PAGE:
Does anybody else have this capability?<div class="rm-shortcode" data-media_id="vydnUMSy" data-player_id="FvQKszTI" data-rm-shortcode-id="3bc6ae3dc422f5acdfaef6aee5d6a08d"> <div id="botr_vydnUMSy_FvQKszTI_div" class="jwplayer-media" data-jwplayer-video-src="https://content.jwplatform.com/players/vydnUMSy-FvQKszTI.js"> <img src="https://cdn.jwplayer.com/thumbs/vydnUMSy-1920.jpg" class="jwplayer-media-preview" /> </div> <script src="https://content.jwplatform.com/players/vydnUMSy-FvQKszTI.js"></script> </div> <p>The Russians, who had an independent Space Force on two separate <a href="https://en.wikipedia.org/wiki/Russian_Space_Forces" target="_blank">occasions</a>, have a similar weapon called the "Tirada-2S" However, as is standard for Russia, details are lacking. The Chinese are also working on a similar <a href="https://www.popularmechanics.com/military/a31703515/space-force-first-weapon/" target="_blank">device</a>.</p><p>With the transfer of the CCS to the Space Force, it now takes on offensive capabilities. While it may not be as flashy as Ion Cannons, Strategic Defense Initiatives, or Death Stars, the ability to jam a communications satellite will undoubtedly prove vital in future combat operations. <br> <br></p>
Despite potential good intentions, interventionist policies are often viewed by classical liberals as violations of individual freedoms.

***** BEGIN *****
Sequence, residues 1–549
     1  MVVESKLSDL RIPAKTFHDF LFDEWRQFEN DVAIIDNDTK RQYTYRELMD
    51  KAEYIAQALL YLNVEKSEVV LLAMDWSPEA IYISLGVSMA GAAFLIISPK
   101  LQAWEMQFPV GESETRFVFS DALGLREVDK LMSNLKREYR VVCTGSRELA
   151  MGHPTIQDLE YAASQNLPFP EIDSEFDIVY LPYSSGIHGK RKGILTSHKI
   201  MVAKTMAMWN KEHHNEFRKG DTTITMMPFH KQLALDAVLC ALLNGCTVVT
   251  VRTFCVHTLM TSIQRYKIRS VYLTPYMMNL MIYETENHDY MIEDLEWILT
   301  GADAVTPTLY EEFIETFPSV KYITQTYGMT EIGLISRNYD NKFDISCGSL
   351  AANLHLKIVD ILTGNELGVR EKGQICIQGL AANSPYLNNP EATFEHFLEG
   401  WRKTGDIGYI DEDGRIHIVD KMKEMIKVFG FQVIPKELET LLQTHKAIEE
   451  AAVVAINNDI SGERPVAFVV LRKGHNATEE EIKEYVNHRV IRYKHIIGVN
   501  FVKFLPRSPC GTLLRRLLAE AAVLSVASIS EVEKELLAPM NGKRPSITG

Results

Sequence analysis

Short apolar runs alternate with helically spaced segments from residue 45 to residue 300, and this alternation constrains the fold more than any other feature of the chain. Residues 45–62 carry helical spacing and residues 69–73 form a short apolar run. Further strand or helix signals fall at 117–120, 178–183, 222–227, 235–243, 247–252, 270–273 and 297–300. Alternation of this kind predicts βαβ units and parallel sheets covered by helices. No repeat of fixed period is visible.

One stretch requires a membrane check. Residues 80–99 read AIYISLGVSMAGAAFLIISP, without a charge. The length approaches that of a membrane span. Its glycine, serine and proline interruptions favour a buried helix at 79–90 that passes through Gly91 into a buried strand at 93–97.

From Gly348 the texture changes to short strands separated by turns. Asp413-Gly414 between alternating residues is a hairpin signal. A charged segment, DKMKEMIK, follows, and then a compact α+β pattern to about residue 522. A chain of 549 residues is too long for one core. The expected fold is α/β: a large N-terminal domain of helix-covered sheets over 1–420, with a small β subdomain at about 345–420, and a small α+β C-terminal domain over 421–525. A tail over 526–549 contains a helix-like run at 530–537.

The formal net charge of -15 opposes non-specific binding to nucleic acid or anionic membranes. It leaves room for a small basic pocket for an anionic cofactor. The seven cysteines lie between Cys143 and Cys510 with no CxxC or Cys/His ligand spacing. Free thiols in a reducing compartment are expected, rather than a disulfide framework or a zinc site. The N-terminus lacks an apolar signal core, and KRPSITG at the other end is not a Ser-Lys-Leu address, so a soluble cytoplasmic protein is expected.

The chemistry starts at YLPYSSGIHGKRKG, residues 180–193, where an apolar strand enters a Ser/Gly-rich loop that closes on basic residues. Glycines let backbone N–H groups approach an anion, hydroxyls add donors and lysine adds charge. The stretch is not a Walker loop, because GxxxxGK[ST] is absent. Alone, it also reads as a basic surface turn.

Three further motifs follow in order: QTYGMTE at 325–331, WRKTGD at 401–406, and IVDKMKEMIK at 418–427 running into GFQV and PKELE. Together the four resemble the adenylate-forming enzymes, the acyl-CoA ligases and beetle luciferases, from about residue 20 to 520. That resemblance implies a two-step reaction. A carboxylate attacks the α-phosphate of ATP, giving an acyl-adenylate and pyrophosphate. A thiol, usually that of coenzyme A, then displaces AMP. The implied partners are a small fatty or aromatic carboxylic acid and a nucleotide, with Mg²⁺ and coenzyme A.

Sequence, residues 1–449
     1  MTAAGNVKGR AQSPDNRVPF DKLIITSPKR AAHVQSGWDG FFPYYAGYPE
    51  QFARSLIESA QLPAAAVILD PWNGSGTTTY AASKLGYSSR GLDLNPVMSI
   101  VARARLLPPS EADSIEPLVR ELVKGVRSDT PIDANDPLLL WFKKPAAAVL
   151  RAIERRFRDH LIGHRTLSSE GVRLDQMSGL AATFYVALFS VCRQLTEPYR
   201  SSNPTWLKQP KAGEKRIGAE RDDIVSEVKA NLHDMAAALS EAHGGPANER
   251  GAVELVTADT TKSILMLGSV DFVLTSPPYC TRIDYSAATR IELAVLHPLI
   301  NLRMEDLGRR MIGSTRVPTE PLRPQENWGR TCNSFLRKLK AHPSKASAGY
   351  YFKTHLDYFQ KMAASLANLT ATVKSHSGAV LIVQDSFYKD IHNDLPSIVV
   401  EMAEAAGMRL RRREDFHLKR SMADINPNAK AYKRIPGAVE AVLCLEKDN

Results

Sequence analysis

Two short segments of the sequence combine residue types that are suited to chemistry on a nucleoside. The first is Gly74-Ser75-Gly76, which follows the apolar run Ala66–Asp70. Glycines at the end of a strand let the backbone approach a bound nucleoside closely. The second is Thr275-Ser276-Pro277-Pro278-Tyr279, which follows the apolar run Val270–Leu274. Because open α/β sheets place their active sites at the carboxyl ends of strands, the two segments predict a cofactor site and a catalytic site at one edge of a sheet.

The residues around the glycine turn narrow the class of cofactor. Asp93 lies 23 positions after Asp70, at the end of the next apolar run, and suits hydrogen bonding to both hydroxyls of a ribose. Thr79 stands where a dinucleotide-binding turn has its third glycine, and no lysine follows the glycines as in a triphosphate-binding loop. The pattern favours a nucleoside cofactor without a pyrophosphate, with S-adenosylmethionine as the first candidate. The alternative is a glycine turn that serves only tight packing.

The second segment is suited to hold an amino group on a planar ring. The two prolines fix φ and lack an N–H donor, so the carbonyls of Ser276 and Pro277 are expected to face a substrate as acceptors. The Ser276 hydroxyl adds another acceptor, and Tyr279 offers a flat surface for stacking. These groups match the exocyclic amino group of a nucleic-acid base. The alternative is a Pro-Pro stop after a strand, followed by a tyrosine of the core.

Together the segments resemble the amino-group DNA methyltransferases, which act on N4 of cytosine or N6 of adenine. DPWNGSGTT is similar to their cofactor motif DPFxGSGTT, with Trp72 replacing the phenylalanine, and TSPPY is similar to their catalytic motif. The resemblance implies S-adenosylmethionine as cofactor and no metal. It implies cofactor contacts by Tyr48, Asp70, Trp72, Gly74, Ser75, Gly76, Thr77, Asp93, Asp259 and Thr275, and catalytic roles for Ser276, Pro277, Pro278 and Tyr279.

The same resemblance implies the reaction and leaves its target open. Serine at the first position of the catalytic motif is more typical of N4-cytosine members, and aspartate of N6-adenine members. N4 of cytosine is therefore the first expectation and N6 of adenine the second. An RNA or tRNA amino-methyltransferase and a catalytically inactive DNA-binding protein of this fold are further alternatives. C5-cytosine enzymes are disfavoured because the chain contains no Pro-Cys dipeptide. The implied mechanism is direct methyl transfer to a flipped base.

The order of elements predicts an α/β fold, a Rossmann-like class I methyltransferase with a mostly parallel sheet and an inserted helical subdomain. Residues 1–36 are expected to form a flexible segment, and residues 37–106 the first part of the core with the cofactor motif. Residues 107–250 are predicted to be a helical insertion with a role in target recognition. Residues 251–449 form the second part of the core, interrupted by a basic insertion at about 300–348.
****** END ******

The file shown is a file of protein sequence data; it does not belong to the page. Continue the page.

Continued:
- Intervention covers a range of activity broader than just war. Some interventions have more humanitarian aims, such as disaster relief and development aid.
- Oftentimes, the drive behind many instances of intervention involves some form of political, economic, or social outcome.
- There are important questions to consider regarding knowledge, goals, incentives, and unintended consequences. The answers to these indicate whether an intervention is necessary and appropriate.
Proponents of drones in foreign conflicts argue that it reduces harm for civilians and U.S. military personnel alike. Here's why that might be wrong.
- There has been a huge increase in drone usage since the war on terror. Proponents of drone warfare claim it reduces civilian casualties and collateral damage, that it's cheaper than conventional warfare tactics, and that it's safer for U.S. military personnel.
- The data suggests those claims may be false, says scholar Abigail Blanco. Drones are, at best, about equivalent to conventional technologies, but in some cases may actually be worse.
- Blanco explains how skewed US government definitions don't give honest data on civilian casualties. Drone operators also suffer worse psychological repercussions following a drone strike because of factors such as the intimacy of prolonged surveillance and heat-sensing technology which lets the operator observe the heat leaving a dying body to confirm a kill.